When Cyclone Idai roared through central Mozambique in March, it made some 200,000 people homeless and destroyed about 2 million acres of crops.
“The winds blew, the rains poured and the river flooded,” said farmer Fernando Amis. “It happened very quickly. Before we knew it the water was up to our necks.”
Amis, 63, said he had never seen such destruction. “Our homes were ruined, our clothes and possessions were swept away,” he said. “We were wet and had no food. It was terrible.”
Weeks later a second cyclone hit northern Mozambique, the first time since record-keeping began that two major cyclones hit the southern African country in a single year. Together the two storms affected 3 million people, according to the U.N.
Five months after the cataclysmic storms, Amis is one of the scores of thousands of Mozambicans busy rebuilding their homes, fields and lives. He and his three wives are constructing seven buildings of wooden poles that they plaster with mud and cover with thatched roofs. After losing their entire maize crop, they are growing a crop of sugar beans that will provide food for their 12 children and will also be sold for cash.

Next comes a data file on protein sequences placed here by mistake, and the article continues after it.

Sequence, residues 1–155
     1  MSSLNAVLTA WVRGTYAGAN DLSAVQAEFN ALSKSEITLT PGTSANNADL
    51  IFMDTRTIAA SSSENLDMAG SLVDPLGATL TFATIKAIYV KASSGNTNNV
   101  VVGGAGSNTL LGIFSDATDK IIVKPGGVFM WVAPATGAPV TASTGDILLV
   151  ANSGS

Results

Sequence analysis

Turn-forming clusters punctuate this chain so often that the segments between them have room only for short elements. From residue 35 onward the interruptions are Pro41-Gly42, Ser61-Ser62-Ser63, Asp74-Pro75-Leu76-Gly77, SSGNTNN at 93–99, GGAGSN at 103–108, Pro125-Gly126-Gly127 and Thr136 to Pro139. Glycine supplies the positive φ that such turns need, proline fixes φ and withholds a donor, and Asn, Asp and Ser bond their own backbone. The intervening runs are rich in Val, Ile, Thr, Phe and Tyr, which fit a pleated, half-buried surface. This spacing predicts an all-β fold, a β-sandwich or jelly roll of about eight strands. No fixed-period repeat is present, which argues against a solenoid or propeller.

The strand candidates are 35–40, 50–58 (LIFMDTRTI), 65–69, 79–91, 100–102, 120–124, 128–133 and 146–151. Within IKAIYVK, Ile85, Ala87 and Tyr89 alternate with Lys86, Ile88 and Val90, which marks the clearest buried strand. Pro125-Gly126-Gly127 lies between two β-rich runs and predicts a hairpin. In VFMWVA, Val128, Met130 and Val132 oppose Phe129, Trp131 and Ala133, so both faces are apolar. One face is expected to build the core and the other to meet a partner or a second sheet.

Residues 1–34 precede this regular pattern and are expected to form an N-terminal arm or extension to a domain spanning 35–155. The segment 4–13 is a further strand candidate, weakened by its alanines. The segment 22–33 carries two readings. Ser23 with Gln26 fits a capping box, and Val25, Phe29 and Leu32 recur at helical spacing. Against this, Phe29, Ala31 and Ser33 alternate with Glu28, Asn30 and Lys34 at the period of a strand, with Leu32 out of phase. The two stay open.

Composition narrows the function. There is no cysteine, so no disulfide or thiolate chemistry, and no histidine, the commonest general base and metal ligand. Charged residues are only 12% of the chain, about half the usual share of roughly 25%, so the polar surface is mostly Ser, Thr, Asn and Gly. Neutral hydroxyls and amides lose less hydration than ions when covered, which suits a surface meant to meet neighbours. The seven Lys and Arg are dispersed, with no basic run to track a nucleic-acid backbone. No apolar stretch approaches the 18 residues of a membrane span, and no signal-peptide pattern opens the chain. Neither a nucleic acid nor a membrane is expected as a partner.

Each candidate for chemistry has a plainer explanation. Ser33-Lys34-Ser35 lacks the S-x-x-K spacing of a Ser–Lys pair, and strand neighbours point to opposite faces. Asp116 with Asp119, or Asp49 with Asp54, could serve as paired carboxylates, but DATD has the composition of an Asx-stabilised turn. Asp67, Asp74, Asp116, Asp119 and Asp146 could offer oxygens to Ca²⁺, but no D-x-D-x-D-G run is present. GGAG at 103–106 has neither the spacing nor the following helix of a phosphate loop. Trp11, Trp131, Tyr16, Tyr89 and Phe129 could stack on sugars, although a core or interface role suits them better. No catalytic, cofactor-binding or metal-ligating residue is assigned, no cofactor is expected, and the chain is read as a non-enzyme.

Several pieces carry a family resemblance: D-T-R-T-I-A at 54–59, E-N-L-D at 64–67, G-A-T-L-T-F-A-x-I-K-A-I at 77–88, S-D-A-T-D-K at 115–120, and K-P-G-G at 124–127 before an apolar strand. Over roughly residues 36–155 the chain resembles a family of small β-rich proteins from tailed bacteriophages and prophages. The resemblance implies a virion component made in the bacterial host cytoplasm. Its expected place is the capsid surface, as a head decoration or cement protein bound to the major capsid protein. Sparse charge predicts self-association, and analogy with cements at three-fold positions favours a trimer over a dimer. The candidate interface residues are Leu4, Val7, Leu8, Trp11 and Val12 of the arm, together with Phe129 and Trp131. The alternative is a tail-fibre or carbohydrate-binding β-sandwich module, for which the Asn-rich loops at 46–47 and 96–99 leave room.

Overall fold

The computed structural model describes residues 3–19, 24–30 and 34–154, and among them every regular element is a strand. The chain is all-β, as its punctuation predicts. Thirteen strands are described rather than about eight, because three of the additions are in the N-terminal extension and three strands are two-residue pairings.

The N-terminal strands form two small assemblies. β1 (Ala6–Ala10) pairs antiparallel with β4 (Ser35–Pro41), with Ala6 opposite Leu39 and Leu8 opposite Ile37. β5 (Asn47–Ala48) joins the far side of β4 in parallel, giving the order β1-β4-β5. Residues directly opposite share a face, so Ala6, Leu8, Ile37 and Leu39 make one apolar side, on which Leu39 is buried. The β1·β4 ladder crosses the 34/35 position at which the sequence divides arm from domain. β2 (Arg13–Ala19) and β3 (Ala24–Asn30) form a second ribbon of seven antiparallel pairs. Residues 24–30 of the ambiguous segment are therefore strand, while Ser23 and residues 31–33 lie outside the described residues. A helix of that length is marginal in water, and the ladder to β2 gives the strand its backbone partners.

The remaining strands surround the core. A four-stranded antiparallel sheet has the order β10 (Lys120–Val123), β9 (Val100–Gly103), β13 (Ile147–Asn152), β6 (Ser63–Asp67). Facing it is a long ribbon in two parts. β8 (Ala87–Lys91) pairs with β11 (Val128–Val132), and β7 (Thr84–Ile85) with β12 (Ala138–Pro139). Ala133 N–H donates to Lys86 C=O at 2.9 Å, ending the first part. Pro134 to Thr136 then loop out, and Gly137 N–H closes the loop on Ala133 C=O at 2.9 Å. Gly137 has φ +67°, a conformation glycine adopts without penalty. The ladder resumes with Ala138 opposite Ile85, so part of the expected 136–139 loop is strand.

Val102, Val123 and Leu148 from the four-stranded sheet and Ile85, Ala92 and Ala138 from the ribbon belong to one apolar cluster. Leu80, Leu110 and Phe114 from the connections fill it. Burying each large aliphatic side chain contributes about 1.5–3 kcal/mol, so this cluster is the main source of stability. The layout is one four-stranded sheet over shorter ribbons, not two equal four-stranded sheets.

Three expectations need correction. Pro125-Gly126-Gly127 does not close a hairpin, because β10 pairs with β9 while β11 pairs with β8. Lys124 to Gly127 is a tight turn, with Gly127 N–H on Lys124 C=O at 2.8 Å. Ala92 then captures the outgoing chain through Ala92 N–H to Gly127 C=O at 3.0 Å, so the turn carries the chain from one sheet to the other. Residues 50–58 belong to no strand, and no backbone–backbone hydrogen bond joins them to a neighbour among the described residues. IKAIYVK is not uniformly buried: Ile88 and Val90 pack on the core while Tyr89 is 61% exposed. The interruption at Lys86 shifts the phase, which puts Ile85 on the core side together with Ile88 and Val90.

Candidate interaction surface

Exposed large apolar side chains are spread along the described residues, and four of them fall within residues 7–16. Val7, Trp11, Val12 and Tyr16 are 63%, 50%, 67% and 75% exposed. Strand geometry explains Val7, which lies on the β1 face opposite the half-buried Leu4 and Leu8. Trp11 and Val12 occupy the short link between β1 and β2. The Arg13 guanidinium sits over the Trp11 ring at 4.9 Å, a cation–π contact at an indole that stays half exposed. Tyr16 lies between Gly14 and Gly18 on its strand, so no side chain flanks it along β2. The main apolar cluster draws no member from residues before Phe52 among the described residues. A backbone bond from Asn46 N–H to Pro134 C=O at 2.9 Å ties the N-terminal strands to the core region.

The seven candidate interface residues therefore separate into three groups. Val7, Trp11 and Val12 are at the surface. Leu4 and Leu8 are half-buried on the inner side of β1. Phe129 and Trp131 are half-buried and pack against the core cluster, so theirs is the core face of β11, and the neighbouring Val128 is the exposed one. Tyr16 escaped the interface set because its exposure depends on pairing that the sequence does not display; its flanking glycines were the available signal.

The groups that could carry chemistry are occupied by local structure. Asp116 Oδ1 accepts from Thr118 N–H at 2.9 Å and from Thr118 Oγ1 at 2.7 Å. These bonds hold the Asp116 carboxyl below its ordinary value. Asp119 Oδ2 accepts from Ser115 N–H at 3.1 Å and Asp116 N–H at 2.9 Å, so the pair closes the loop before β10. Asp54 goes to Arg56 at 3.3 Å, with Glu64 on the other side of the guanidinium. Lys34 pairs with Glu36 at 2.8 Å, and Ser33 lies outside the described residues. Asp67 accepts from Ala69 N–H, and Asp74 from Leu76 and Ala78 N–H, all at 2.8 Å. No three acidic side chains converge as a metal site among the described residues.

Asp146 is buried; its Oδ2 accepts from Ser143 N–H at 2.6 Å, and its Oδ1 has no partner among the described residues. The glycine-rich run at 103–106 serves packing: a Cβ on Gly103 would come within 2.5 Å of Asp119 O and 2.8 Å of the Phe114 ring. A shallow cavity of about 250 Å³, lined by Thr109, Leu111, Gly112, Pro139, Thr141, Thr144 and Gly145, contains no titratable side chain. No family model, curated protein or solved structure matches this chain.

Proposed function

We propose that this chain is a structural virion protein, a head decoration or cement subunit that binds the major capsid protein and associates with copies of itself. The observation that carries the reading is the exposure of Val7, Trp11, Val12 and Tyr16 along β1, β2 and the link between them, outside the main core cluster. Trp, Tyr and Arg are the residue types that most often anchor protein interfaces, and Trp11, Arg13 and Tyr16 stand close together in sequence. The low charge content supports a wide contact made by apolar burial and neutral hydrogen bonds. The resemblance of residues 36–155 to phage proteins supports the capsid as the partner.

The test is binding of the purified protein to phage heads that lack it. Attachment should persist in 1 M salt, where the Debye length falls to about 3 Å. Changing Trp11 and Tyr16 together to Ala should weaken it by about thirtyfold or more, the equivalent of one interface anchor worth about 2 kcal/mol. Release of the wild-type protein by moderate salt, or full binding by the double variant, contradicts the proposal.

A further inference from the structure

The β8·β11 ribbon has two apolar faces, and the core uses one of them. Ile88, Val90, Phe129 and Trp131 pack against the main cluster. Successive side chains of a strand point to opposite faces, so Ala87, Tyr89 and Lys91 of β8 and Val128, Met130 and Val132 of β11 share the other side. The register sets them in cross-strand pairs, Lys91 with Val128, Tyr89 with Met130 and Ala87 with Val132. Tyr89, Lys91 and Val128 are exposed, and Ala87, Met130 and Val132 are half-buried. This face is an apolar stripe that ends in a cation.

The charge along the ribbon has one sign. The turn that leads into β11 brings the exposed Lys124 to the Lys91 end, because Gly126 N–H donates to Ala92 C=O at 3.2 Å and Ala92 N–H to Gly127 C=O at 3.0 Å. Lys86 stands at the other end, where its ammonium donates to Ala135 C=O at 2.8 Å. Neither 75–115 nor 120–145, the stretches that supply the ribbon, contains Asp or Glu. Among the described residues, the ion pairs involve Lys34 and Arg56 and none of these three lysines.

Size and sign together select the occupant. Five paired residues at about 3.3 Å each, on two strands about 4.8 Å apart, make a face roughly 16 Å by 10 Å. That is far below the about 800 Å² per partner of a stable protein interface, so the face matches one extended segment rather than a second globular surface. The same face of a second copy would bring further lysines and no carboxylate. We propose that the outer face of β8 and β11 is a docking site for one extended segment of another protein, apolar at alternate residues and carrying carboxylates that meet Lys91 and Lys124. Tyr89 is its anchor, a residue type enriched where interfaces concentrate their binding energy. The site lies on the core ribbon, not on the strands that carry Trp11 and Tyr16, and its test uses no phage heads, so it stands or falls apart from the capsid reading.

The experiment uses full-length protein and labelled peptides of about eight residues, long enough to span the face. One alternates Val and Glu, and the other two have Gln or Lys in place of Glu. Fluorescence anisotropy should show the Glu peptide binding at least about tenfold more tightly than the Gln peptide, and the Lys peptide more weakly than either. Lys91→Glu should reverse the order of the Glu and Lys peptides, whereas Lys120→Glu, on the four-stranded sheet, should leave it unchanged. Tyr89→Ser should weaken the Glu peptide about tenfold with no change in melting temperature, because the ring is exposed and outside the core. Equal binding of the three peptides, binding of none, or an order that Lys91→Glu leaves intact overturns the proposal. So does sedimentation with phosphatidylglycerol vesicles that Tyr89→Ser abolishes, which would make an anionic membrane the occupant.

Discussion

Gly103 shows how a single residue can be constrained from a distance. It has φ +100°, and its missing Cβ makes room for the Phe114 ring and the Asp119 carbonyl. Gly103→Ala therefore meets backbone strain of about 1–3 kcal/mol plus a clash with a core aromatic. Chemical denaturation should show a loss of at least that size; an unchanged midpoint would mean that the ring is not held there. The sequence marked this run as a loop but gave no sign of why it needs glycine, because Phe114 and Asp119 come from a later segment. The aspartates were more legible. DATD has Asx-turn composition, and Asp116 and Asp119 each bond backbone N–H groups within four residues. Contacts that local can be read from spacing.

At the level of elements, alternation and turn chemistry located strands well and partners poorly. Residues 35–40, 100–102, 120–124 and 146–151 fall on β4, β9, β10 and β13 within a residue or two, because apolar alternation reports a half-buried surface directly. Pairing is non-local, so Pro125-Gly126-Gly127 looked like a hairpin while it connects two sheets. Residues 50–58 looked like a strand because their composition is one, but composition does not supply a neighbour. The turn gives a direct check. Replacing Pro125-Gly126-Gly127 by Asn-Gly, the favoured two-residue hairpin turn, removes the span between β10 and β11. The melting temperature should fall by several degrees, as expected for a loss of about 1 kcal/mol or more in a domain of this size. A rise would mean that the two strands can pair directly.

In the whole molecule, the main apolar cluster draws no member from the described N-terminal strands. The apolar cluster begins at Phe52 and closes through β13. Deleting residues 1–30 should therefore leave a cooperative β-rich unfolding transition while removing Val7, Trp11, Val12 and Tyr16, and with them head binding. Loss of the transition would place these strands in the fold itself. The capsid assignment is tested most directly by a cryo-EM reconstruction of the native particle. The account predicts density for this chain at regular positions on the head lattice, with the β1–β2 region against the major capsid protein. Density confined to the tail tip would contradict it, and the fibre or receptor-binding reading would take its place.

The Amis family benefited from living near Gorongosa National Park which distributed immediate food aid, blankets and seeds to help those living in the buffer zones around the park.
“We are so grateful. We got seeds from the park and advice about how to plant our bean crop so it will be productive,” said Amis. “The park will also help us find a market for the beans.”